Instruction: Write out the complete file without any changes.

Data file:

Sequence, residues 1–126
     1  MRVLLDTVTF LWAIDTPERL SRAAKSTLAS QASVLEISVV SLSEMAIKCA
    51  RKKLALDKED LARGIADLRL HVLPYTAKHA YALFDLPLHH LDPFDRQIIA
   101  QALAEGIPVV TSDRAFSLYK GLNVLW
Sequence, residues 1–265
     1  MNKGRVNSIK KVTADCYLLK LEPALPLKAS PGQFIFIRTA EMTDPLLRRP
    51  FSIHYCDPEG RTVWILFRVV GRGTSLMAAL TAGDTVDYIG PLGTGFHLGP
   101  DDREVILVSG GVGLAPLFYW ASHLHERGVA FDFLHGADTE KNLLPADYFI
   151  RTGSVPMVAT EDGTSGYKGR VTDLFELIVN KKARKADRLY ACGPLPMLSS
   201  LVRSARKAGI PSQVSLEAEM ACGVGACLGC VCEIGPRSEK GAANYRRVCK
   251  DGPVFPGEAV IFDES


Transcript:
Sequence, residues 1–126
     1  MRVLLDTVTF LWAIDTPERL SRAAKSTLAS QASVLEISVV SLSEMAIKCA
    51  RKKLALDKED LARGIADLRL HVLPYTAKHA YALFDLPLHH LDPFDRQIIA
   101  QALAEGIPVV TSDRAFSLYK GLNVLW
Sequence, residues 1–265
     1  MNKGRVNSIK KVTADCYLLK LEPALPLKAS PGQFIFIRTA EMTDPLLRRP
    51  FSIHYCDPEG RTVWILFRVV GRGTSLMAAL TAGDTVDYIG PLGTGFHLGP
   101  DDREVILVSG GVGLAPLFYW ASHLHERGVA FDFLHGADTE KNLLPADYFI
   151  RTGSVPMVAT EDGTSGYKGR VTDLFELIVN KKARKADRLY ACGPLPMLSS
   201  LVRSARKAGI PSQVSLEAEM ACGVGACLGC VCEIGPRSEK GAANYRRVCK
   251  DGPVFPGEAV IFDES